Lawson Hunte, based at the Eco Innovation Center on City Road, offers free pro bono applications to anyone whose family members are Ukrainian nationals who have found themselves stranded or displaced due to the ongoing conflict in Ukraine.
The national initiative was launched by company secretary Ms Natalia Usatenko, who is a British national from Ukraine and fears for the safety of her family back home.
Ms Usatenko contacted the management of Lawson Hunte to ask for help with her own family, who are stranded a few kilometers from the town of Cherkasy in central Ukraine, 200 kilometers south of the national capital, Kiev.
The UK Government’s Home Secretary announced ‘phase two of the UK’s bespoke humanitarian support program for the people of Ukraine’ earlier this week. The United Nations High Commissioner for Refugees (UNHCR) has estimated that one million people have fled Ukraine and millions more are expected to flee the country if the war continues.
Ms Usatenko was going to Europe to interpret for families who need help with the paper applications available at British embassies. Lawson Hunte is now helping Ms. Usatenko and the people of Ukraine to make applications for the reunification of families affected by the conflict.
“I was ready to go to border countries to serve as an interpreter,” she said. “It has now been announced that application forms will be available online and that is why we are offering free help in completing online applications and I will work as a translator and adviser.”
Ms Usatenko is one of three sisters and moved to the UK from Ukraine 26 years ago. Her younger sister and her two nieces, aged only four and six, hope to flee the country, but her mother and her other sister have decided to stay.
“My youngest sister is going to flee with my two nieces because she is young and not afraid to go to another country,” she said. “The other said, ‘Natalie, I’m going to stay and defend my country – I want to defend my home.’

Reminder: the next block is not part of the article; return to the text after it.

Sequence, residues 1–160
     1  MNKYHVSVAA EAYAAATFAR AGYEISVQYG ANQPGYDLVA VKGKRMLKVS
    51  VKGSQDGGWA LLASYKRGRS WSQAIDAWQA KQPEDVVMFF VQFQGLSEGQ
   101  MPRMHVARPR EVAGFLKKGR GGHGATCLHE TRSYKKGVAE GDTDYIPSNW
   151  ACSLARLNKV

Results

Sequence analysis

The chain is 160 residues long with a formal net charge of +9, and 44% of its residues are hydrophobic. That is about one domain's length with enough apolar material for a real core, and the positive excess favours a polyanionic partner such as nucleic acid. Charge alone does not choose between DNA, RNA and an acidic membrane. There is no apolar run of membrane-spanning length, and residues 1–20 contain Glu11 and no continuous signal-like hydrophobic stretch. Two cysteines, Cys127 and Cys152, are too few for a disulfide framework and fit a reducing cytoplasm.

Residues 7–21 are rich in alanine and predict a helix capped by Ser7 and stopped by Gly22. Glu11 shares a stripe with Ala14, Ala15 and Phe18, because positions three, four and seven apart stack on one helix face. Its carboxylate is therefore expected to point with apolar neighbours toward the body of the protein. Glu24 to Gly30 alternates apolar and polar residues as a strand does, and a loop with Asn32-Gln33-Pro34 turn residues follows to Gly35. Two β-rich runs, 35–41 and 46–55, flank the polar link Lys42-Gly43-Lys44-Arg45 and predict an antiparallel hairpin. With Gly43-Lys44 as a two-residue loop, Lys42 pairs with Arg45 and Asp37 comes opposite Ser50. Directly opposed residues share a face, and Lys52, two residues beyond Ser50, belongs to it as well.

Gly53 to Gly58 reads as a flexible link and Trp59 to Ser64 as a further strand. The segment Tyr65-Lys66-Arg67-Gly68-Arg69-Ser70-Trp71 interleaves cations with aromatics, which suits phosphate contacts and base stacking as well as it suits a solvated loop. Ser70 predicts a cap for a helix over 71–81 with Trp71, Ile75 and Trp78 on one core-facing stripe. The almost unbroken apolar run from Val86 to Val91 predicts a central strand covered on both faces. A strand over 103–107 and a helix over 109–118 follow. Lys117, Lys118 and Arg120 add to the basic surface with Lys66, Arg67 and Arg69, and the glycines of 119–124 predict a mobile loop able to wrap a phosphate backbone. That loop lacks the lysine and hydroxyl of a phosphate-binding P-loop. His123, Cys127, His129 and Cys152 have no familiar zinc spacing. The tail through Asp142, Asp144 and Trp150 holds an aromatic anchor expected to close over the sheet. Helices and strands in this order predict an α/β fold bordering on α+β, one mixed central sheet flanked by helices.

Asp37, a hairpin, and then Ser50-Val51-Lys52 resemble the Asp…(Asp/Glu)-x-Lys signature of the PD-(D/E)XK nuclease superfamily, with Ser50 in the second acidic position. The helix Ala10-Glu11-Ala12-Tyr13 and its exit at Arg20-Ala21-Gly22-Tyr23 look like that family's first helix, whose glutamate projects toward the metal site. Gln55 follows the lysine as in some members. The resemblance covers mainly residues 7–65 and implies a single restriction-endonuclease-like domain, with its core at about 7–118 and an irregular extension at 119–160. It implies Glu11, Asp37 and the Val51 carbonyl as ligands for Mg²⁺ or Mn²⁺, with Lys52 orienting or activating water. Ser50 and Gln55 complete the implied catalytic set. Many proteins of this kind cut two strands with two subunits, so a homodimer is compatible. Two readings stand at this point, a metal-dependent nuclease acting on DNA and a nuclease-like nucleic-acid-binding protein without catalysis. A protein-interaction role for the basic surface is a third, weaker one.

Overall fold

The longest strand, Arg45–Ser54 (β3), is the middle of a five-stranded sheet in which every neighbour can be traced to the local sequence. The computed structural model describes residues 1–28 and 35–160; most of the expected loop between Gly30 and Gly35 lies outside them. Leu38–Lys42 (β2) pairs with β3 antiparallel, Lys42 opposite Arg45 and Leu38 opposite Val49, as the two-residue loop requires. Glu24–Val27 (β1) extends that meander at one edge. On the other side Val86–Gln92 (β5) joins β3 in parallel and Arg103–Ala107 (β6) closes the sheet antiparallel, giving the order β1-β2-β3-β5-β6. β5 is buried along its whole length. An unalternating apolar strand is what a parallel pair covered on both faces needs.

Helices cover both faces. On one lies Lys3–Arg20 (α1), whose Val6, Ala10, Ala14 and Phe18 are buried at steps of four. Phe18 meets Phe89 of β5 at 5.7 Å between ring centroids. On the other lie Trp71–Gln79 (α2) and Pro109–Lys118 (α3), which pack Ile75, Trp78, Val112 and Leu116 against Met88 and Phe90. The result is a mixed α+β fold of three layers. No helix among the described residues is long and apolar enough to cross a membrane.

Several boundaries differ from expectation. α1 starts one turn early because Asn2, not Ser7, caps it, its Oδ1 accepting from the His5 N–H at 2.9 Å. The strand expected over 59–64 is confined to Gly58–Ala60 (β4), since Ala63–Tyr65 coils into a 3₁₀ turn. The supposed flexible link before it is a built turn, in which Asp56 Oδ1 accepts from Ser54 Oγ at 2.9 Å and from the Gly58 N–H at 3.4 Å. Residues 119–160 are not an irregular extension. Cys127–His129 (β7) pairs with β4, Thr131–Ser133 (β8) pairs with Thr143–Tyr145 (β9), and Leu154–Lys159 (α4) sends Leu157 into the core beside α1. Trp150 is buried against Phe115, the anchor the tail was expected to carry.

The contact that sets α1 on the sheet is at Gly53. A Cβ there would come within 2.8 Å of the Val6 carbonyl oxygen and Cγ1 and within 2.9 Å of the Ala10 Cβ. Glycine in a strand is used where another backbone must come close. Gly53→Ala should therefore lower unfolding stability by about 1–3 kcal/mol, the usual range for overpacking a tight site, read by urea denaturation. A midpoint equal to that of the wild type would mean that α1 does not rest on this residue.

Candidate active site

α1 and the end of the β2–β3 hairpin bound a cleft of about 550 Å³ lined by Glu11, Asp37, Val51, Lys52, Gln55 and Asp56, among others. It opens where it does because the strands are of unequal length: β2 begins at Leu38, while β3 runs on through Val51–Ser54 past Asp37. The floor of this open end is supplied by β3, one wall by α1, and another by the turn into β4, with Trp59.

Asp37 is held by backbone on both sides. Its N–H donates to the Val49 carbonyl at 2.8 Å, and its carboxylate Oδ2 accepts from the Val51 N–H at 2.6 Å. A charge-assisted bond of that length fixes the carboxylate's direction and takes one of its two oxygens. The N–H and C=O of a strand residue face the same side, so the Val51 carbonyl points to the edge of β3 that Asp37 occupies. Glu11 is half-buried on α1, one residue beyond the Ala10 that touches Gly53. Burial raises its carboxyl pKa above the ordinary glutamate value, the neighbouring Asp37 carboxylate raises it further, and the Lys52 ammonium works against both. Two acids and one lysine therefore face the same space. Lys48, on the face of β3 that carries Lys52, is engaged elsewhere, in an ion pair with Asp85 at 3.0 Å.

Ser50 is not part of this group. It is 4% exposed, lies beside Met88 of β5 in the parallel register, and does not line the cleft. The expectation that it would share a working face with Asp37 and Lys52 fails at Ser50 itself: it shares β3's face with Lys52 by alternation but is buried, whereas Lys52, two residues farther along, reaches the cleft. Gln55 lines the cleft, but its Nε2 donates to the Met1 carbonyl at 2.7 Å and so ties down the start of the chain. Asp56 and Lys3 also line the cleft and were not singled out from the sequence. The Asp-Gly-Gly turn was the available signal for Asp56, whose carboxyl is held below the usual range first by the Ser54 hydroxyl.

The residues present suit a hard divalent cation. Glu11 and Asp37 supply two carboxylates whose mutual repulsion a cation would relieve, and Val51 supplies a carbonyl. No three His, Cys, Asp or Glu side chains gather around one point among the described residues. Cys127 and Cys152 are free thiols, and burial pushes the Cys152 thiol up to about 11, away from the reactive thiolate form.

“My mother said to me: ‘I am too old to run, I want to die in my own house and in my own country’. There’s no way I can persuade her. I tried every day to persuade her to leave with my youngest sister, but she doesn’t want to leave. I’m about to lose my mom if this continues because she’ll be here all alone.
“My youngest sister is currently still in Ukraine because the transport situation is terrible. Nothing works except the trains and even they don’t run regularly. People sit on the platforms with young children who sometimes wait for days for a train to arrive at the station.
“She managed to book tickets for a train. She said she made sure she had a valid ticket with valid seat numbers because it was an overnight train and she wanted to make sure her daughters had somewhere to go. to sleep. There’s no way they can stay up all night – they’re too young.
Ms Usatenko also fears for her friends who cannot leave the country.
“Many of my friends who live in different cities, especially in Kyiv, said that they couldn’t even get their relatives out because it was surrounded by the army. is not allowed to leave.
“There is a shortage of food and because people are constantly bombarded, they have to take refuge in shelters, like the metro station.”
Lawson Hunte argues that the project is not politically motivated but is solely aimed at alleviating human suffering and taking positive action to support the local and wider community in the midst of a humanitarian crisis.
The company seeks to support the initiative. They hope to recruit volunteers with Ukrainian and Russian language skills and administrative support.
If you would like to volunteer to support Lawson Hunte in the campaign, contact Sonya on 01733 793869 or Natalia on 01733 515892.
If you need help with a family member, a relocation-related family-based request or a listening ear, contact Lawson Hunte on 01733 515892.